“Who are you?”: Authentic Answer, Appreciative Asking

posted Sep 6, 2018, 1:20 PM by Association United Campus Ministries   [ updated Sep 6, 2018, 1:24 PM ]

Has anyone ever asked you, “Who are you?” It’s an old question; it’s also a song by The Who. It can be a simple inquiry where the person is really asking why you are in their office and what you want from them. It can also be an existential question that can cut a person to the quick: “Who are you?” The fundamental questions behind it are, “Why are you here?” and “What’s your purpose?”

 If you aren’t ready for this query, you can feel suddenly unbalanced like a rug pulled from underneath you. Even if the person asking is well-intentioned, I believe our natural, knee-jerk response is to be defensive. Think of your last interview. These words probably hung in the air even if they aren’t said explicitly, and for most people interviews are a special kind of awful.

Enter John the Baptist and a whole gaggle of authority, priests and Levites sent by Jewish leaders in Jerusalem, John 1:19-34. They repeatedly asked who he was and what John had to say about himself. John was also a Levite. His father, Zechariah was a priest. John was a miracle baby born to an elderly mother. To add significance, an angel struck Zechariah mute during Elizabeth’s pregnancy, and he did not speak again until John was named. Given their questions, I doubt the authorities forgot John’s unique backstory.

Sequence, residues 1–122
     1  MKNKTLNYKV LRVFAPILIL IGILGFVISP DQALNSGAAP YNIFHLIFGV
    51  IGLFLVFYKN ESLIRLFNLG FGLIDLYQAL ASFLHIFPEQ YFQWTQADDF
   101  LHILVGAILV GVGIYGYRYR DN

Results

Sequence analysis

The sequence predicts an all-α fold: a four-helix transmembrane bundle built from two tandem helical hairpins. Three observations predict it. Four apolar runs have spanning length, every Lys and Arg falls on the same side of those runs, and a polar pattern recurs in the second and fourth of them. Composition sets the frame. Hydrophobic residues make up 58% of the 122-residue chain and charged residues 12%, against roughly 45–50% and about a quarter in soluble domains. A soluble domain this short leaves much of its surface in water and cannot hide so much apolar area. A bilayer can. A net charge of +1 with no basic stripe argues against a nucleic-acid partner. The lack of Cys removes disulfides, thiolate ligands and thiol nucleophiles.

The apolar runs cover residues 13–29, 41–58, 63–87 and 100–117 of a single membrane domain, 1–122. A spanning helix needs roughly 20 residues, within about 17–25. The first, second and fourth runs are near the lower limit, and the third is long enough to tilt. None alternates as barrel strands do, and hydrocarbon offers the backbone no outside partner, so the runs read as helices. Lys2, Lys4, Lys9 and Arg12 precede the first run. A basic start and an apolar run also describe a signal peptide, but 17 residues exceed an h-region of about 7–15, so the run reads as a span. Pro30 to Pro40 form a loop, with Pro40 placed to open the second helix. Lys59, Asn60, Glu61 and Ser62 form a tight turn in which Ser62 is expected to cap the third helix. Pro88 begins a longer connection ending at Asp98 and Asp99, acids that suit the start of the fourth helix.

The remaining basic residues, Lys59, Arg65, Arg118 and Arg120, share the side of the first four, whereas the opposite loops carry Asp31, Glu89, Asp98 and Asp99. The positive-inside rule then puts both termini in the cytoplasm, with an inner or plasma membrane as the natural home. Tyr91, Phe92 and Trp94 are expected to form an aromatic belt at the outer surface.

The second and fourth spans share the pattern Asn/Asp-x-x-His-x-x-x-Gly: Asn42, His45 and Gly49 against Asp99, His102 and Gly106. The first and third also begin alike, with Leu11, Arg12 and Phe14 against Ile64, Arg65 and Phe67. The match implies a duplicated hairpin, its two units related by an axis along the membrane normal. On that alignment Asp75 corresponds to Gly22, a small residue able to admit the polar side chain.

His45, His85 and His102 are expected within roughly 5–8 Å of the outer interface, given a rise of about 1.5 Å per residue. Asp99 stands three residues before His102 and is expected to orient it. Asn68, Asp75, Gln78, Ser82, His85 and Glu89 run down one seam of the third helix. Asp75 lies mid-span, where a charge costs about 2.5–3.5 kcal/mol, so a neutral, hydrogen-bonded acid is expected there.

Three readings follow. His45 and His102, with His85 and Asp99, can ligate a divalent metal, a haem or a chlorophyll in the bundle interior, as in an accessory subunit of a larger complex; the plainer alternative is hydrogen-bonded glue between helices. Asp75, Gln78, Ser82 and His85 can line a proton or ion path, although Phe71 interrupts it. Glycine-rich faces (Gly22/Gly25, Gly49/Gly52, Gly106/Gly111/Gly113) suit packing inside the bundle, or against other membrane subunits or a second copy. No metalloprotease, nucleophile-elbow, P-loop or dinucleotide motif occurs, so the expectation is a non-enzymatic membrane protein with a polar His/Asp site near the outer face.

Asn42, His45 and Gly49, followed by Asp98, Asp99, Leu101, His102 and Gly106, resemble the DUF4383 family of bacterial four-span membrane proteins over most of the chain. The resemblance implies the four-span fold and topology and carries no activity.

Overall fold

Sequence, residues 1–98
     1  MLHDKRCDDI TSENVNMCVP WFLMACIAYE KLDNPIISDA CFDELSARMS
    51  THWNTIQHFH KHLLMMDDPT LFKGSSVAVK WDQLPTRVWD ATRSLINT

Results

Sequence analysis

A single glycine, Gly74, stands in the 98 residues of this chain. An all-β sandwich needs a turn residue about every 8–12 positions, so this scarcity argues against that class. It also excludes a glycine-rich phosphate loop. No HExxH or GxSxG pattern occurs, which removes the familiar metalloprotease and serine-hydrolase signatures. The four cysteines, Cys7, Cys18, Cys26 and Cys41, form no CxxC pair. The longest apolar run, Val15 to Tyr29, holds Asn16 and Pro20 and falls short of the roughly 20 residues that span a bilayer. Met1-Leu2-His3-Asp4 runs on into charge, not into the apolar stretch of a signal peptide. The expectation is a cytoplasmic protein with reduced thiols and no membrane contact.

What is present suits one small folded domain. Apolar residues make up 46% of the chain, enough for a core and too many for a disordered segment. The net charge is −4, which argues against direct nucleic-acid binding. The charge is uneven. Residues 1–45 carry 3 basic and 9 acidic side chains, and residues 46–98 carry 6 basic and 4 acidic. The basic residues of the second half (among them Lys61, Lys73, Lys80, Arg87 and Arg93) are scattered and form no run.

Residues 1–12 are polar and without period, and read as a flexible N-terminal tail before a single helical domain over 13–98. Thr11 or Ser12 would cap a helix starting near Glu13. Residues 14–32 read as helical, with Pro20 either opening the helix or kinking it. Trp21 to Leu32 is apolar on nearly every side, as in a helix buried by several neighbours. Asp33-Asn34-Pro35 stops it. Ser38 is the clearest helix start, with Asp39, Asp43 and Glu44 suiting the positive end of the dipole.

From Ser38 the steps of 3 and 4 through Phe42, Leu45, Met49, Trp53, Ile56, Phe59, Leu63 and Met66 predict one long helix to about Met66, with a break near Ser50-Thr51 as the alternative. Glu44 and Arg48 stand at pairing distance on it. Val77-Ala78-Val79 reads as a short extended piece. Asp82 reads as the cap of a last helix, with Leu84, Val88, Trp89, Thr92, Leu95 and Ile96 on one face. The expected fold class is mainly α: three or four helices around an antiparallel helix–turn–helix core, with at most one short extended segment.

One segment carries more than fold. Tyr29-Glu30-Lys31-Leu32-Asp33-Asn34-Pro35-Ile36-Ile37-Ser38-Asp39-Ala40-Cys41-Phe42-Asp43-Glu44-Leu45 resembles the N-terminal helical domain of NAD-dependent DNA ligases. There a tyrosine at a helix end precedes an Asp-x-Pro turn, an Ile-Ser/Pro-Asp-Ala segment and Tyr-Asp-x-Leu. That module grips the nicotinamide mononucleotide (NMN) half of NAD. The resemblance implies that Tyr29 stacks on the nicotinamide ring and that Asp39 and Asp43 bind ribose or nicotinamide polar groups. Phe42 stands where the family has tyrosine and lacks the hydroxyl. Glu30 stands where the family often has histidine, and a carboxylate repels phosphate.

Nevertheless, John was doing something new, and it was getting attention. People were coming from all over Judea to confess their sins and have John ritually wash them in the Jordan River.  It was an act of love; it was an act of forgiveness.

Then and now, love and forgiveness are conspicuous. John couldn’t hide them in the wilderness. You can’t hide them either. People will always be drawn to those who perform these acts of grace, and people will always ask, “Who are you?” to be doing it. They will probably be aggressive; they may even be unkind. However, we are called to be ready with an answer for our hope and respond with respectful humility (1 Peter 3:15-16).

What I like best about this passage is John’s matter-of-fact answer. He doesn’t point to himself but God. He defines himself by his work: crying out, making a path for the Lord, and preparing others to see him when he arrives by baptizing those who have changed their hearts and lives.

Like John, you also have a purpose. You probably weren’t born under exceptional circumstances like he was, but then again I meet walking miracles every day, people who were born so tiny and frail that they wouldn’t be here today if they were born in another time or place. But whatever your story is, God has a mission for you that is particular to you. He wants to use all of your experience, the good and the bad. He desires each of us to be ready witnesses, who, like John, will recognize Jesus among us and will testify to the Holy Spirit at work.

Know this: our authentic answers matter because the Holy Spirit can use them to pierce the hardest of hearts. Nowadays, prepared and practiced doesn’t usually translate to ‘authentic,’ but I submit that any story worth telling has an author who has developed, edited, polished, and practiced it with interested listeners. Furthermore, being prepared frees you to be appreciative of those who are asking, to respond in love instead of fear and defensiveness. So what will you say and who will you point to when asked, “Who are you?”

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